Returning to your question, I would like to recall the words of Christ together with my first words in St. Peter's Square: "Be not afraid." Have no fear when people call me the "Vicar of Christ," when they say to me "Holy Father," or "Your Holiness," or use titles similar to these, which seem even inimical to the Gospel. Christ himself declared: "Call no one on earth your father; you have but one Father in heaven. Do not be called 'Master'; you have but one master, the Messiah" (Mt 23:9-10). These expressions, nevertheless, have evolved out of a long tradition, becoming part of common usage. One must not be afraid of these words either.

Every time Christ exhorts us to have no fear, He has both God and man in mind. He means: Do not be afraid of God, who, according to philosophers, is the transcendent Absolute. Do not be afraid of God, but invoke Him with me: "Our Father" (Mt 6:9). Do not be afraid to say "Father"! Desire to be perfect just as He is, because He is perfect. "So be perfect, just as your heavenly Father is perfect" (Mt 5:48).

. . .
Christ is the sacrament of the invisible God-a sacrament that indicates presence. God is with us. God, infinitely perfect, is not only with man, but He Himself became a man in Jesus Christ. Do not be afraid of God who became a man! It was precisely this that Peter said at Caesarea Philippi: "You are the Messiah, the Son of the living God" (Mt 16:16). Indirectly He affirmed: You are the Son of God who became a man. Peter was not afraid to say it, even if these words did not come from him. They came from the Father. "No one knows the Son except the Father, and no one knows the Father except the Son" (cf. Mt 11:27).

"Blessed are you, Simon son of Jonah. For flesh and blood has not revealed this to you, but my heavenly Father" (Mt 16:17). Peter uttered these words through the power of the Holy Spirit. The Church also continues to utter them through the power of the Holy Spirit.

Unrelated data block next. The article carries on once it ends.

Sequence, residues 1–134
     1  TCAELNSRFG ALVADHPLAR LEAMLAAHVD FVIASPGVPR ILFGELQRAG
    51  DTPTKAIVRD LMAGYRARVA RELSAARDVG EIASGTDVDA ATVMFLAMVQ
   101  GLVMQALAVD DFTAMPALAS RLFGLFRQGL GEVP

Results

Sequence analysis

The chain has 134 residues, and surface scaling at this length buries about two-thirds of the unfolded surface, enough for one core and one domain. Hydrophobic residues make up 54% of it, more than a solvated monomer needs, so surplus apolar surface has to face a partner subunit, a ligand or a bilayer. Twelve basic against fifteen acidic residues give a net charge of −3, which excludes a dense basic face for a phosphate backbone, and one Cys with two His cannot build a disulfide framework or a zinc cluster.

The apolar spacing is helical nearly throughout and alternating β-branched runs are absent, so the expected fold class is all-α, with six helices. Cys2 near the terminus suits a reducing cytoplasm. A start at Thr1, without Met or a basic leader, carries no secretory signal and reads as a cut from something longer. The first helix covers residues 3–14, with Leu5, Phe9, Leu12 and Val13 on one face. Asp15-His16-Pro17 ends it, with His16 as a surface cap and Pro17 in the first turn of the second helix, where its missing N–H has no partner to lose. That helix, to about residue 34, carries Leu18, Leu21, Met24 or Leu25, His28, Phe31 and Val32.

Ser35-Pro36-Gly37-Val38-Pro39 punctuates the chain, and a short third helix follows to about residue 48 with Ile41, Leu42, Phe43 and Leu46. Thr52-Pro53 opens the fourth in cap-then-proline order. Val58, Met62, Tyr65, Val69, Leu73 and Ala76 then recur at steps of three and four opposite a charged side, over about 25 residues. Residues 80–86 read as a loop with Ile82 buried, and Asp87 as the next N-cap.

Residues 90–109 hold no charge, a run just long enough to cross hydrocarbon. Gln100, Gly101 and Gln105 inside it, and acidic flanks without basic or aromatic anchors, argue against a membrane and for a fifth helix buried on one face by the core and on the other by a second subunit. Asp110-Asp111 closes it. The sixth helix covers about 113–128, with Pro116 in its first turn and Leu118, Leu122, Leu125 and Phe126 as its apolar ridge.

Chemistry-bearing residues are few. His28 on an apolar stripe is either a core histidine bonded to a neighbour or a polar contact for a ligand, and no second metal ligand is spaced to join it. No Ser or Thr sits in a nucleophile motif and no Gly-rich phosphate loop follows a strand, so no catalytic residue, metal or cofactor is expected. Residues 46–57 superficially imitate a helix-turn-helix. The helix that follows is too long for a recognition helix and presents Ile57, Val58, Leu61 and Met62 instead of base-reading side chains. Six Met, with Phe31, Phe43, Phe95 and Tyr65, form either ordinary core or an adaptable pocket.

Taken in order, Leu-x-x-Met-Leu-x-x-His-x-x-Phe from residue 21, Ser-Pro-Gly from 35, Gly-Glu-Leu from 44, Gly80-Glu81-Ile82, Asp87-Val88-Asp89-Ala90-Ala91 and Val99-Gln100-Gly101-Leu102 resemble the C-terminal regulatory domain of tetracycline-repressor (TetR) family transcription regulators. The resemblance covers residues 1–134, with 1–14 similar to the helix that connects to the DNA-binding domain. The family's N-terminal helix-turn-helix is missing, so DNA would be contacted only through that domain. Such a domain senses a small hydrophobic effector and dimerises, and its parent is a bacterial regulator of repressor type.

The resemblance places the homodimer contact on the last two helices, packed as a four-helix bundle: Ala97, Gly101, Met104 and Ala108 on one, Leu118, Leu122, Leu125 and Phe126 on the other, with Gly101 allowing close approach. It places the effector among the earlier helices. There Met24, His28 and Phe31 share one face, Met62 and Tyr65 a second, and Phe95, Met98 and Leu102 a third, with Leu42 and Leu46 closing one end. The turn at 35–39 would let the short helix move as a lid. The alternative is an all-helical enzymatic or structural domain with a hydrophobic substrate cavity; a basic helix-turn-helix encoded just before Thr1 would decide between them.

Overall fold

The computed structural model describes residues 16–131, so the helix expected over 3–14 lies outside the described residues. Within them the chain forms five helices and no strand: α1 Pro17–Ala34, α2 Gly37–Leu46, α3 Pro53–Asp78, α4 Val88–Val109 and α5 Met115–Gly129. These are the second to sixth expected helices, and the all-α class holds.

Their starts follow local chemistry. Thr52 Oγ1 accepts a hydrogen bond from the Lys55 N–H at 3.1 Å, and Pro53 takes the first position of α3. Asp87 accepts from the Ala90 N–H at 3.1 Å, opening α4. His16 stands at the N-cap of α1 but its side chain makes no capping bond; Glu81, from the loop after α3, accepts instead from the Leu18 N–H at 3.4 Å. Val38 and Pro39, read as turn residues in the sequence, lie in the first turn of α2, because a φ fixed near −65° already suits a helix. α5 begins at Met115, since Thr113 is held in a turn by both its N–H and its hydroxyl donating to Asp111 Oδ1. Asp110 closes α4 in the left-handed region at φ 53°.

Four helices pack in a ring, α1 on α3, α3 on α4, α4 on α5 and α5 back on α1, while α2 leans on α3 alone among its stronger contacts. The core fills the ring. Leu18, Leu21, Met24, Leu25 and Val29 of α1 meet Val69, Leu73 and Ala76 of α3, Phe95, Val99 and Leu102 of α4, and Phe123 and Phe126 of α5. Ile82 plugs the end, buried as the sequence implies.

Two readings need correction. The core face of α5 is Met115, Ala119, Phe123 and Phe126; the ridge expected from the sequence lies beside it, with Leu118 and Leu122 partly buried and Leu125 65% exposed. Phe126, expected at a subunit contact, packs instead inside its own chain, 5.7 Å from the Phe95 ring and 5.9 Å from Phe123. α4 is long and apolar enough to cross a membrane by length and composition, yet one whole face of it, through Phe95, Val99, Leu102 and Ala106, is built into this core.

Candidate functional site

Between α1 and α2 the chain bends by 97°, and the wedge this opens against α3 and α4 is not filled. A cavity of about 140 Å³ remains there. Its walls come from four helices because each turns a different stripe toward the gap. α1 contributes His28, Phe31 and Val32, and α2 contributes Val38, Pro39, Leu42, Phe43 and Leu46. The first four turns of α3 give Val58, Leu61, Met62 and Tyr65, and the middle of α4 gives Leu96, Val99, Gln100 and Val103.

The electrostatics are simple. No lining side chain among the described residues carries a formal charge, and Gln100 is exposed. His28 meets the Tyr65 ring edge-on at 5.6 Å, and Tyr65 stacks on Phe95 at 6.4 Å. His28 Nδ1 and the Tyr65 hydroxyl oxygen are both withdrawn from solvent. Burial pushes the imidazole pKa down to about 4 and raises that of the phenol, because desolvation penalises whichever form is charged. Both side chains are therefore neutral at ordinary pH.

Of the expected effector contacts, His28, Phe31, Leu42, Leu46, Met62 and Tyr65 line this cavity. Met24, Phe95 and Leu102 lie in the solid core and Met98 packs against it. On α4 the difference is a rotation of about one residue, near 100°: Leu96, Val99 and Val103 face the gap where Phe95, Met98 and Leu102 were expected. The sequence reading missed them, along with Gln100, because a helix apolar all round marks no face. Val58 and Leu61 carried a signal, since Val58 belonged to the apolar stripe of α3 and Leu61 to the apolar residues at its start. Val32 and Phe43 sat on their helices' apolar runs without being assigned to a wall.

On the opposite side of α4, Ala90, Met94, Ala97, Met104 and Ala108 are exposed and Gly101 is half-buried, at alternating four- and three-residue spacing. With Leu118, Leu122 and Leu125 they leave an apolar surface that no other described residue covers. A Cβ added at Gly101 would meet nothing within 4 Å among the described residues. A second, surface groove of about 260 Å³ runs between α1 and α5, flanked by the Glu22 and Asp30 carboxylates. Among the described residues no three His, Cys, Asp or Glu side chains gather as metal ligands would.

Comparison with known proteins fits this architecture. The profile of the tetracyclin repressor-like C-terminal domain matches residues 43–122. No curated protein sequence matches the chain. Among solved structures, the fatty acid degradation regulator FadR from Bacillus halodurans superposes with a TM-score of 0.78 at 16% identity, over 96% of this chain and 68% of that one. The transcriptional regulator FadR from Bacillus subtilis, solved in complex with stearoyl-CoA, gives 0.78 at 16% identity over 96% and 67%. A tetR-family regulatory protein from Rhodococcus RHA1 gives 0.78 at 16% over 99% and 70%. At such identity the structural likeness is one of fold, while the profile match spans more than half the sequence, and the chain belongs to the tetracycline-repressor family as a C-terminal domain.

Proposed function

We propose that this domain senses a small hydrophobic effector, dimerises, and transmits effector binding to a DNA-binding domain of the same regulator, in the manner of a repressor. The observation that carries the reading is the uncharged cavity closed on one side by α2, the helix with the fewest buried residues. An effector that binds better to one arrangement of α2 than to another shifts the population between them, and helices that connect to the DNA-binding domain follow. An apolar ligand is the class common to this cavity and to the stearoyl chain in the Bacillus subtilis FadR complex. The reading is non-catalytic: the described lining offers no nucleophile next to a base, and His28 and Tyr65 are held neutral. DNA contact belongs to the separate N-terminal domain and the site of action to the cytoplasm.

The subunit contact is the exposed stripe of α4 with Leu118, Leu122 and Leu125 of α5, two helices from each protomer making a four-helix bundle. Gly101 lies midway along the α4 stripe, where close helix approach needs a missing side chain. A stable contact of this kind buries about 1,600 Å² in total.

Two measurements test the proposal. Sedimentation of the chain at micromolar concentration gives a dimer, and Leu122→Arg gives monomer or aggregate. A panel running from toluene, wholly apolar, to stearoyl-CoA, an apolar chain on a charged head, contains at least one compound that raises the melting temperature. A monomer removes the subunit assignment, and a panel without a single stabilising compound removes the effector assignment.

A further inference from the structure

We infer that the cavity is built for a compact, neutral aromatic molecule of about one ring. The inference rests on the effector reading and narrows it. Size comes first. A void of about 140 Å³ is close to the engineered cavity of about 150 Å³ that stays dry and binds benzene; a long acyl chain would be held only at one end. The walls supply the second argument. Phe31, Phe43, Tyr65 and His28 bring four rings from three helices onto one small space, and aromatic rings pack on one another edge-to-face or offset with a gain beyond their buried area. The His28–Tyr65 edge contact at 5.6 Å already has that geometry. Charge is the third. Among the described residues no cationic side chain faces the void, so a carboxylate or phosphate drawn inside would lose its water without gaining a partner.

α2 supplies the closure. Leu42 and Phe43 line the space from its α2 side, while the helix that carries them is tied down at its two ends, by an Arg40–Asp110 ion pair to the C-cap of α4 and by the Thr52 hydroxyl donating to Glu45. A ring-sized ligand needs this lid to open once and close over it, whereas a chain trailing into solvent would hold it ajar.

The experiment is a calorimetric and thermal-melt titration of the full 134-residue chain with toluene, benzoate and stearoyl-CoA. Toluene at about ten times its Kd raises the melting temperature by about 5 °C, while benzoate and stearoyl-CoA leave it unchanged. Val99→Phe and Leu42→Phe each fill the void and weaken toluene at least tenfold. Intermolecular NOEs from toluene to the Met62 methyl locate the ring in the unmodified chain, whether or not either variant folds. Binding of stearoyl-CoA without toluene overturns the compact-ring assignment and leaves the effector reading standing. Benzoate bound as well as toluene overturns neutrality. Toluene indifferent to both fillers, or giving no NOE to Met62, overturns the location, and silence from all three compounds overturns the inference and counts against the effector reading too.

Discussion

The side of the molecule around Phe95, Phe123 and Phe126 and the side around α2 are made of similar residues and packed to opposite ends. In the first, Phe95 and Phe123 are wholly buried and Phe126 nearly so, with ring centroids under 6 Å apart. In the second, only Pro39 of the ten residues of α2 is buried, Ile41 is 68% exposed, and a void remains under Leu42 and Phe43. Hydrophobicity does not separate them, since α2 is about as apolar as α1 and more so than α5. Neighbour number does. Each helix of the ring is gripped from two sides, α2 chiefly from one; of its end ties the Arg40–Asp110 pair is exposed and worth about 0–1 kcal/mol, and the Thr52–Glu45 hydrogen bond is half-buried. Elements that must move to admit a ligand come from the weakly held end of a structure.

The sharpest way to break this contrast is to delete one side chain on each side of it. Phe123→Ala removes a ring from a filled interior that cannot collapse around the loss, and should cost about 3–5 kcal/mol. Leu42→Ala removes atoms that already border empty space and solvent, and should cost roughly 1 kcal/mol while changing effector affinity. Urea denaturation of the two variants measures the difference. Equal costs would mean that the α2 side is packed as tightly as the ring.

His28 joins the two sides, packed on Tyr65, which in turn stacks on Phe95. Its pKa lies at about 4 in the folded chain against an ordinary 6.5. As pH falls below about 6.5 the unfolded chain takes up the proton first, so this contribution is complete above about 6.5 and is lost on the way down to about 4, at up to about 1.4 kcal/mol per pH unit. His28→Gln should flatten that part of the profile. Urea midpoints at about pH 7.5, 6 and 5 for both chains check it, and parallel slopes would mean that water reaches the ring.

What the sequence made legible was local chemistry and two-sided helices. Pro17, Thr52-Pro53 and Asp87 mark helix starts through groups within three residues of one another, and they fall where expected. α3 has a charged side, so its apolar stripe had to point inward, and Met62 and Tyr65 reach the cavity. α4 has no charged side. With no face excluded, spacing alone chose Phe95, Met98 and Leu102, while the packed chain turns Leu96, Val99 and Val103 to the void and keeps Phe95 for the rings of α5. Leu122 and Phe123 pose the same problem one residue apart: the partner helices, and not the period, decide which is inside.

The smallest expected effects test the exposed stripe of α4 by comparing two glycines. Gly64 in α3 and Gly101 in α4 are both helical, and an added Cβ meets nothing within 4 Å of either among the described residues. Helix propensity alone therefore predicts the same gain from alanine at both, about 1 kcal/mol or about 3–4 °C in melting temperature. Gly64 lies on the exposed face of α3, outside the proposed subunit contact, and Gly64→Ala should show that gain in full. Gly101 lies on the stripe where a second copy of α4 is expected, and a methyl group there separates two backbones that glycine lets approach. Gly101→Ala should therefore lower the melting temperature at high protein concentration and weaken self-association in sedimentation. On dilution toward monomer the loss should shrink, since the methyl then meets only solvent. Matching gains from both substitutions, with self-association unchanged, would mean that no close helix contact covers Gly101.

Peter was not afraid of God who had become a man. He was afraid, instead, for the Son of God as a man. Peter could not accept that He would be whipped and crowned with thorns and finally crucified. Peter could not accept that. He was afraid. And for this Christ severely reproached him, but He did not reject him.

Peter had goodwill and a fervent heart and Christ did not reject him, this man who at Gethsemane even drew his sword in order to defend his Master. Jesus only said to him: "Simon, Simon, behold Satan has demanded to sift all of you like wheat, but I have prayed...and once you have turned back, you must strengthen your brothers" (cf. Lk 22:31-32). Christ did not reject Peter; He valued his profession of faith at Caesarea Philippi and, with the power of the Holy Spirit, He led him through His Passion and beyond his denial.

Peter, as a man, demonstrated that he was not capable of following Christ everywhere, and especially not to death. After the Resurrection, however, he was the first of the apostles to realize, together with John, that Christ's body was not in the tomb.

Even after the Resurrection, Christ confirmed Peter's mission. He said meaningfully: "Feed my lambs. Tend my sheep" (Jn 21:15-16). But first Christ asked if Peter loved Him. Peter, who had denied Christ but had not stopped loving Him, was able to respond: "You know that I love you" (Jn 21:15). But he did not say again: "Even though I should have to die with you, I will not deny you" (Mt 26:35). It was no longer only a question of Peter, and of his simple human strengths; it had become by now a question of the Holy Spirit, promised by Christ to the one who would take His place on earth.

On the day of Pentecost, Peter was the first to speak to the gathered Israelites and to others who had traveled various distances. He reminded them